"More than a decade ago, researchers from the UK put forward a proposal that if we had a combination pill, which included cholesterol lowering and blood pressure lowering medications, that a significant improvement may result," says Curtin University's Professor Christopher Reid.
"They estimated around an 80 per cent reduction in heart attacks and strokes. Over the last decade there's been a number of studies that have looked at this concept of a polypill or a combined approach to cardiovascular prevention.
"We provided study participants with anti-hypertensives alone to lower blood pressure, statins alone to lower cholesterol, a combination of the two, and lastly placebos which provided no treatment at all," Prof Reid says.
"Most importantly, we saw a near 40 per cent reduction in heart attacks and strokes in the groups that were receiving combinations, lipid lowering and cholesterol lowering therapies."
"It's really painting a picture that combination therapy may well be one of the best ways in which we can reduce the burden of cardiovascular disease."
Researchers found that anti-hypertensives alone were effective for lowering blood pressure among participants with significantly elevated blood pressures. But those with normal blood pressures, anti-hypertensives had no major impact on heart attacks and strokes.
With cholesterol lowering therapy, overall the test group showed a 25 to 30 per cent reduction in heart attack and stroke rate after the five-year follow-up period.
"What the Hope-3 study did in quite a clever design was randomise participants to receive either blood pressure lowering or lipid lowering or the combination treatments in comparison to placebo treatments in each of those three study groups," Prof Reid says.
He says people at moderate-risk could still fall victim to heart attack and stroke, and says further research is needed into the effectiveness of 'polypills'.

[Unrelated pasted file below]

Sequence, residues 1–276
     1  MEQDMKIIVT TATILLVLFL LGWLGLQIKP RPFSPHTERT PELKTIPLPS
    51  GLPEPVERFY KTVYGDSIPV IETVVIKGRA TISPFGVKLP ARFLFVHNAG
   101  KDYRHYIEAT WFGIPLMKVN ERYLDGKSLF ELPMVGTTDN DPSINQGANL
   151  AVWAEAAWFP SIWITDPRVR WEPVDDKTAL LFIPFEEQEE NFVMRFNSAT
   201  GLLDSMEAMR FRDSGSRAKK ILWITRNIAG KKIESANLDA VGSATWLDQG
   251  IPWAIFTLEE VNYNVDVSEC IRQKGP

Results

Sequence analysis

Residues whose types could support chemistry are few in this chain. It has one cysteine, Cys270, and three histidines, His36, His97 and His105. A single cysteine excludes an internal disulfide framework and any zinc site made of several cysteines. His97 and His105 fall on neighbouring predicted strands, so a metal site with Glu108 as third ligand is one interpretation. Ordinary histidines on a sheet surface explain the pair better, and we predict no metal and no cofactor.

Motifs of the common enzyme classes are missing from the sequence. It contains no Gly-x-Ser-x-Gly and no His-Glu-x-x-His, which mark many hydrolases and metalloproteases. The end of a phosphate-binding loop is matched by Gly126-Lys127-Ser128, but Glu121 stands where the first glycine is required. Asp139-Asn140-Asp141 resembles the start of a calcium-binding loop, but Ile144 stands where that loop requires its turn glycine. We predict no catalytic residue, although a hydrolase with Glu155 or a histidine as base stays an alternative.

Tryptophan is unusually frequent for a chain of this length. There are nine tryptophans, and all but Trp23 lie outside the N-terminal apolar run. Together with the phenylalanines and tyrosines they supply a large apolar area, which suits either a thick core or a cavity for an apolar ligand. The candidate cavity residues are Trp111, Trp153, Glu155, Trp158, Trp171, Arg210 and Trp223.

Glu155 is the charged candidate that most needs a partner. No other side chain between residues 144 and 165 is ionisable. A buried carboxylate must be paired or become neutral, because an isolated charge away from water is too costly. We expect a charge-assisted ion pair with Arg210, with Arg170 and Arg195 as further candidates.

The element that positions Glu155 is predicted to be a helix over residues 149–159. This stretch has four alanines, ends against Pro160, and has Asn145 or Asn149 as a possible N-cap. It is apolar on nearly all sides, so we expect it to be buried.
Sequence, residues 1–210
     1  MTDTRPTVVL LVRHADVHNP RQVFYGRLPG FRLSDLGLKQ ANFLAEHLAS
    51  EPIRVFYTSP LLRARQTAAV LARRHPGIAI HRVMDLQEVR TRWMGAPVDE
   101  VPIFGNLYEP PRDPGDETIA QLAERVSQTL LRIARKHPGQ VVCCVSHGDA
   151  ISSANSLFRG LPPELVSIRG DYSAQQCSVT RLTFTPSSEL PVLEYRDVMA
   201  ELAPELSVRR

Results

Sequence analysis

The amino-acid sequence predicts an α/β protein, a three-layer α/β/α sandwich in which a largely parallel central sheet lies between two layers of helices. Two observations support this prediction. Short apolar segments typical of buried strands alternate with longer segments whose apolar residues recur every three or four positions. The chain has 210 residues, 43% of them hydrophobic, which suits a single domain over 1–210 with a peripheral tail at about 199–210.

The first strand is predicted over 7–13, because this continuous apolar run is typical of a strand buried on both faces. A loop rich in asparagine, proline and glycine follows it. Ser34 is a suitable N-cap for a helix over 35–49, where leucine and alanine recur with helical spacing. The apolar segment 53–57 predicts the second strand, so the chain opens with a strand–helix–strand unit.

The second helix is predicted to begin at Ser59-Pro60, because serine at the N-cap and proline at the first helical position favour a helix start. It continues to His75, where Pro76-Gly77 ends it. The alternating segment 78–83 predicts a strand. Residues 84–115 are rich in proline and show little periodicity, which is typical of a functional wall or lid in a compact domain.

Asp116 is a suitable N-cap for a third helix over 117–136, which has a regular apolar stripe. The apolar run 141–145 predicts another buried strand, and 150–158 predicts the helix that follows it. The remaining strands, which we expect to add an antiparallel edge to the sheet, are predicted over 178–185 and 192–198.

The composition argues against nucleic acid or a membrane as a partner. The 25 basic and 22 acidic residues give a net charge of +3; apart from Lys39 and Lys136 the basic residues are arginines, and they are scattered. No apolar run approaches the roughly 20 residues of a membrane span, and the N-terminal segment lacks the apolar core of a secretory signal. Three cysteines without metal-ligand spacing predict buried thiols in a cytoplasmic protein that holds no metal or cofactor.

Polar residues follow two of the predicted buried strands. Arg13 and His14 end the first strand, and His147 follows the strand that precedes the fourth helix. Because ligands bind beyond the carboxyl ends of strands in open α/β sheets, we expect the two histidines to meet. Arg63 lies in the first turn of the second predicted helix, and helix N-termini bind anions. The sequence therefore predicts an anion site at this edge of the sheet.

"Hope-3 is a very important part of piecing together the puzzle, and clearly our results demonstrate that in a moderate risk group, the combination of lipid lowering and blood pressure lowering is very effective in reducing heart attacks and strokes."

This article first appeared on ScienceNetwork Western Australia a science news website based at Scitech.

Provided by Science Network WA

Thursday, July 07, 2016

Pill organizers could cause adverse effects among elderly

Older people who switch to using pill organisers could experience adverse effects and even hospitalisation - according to research from the University of East Anglia.
New research published today reveals that people who switch from usual medication packaging to a pill organiser are more likely to become unwell than those not using them.

07 july 2016--The research team say that patients should consult their GP or pharmacist before switching to a pill organiser.
Lead researcher Dr Debi Bhattacharya, from UEA's School of Pharmacy, said: "A lot of people use pill organisers to help them take the right medication at the right time of the day."
"We found that on average, when patients who had previously taken their medication sporadically were switched to a pill organiser, they took all of their medication and became unwell, whilst those who remained on usual medication packaging did not have any adverse effects.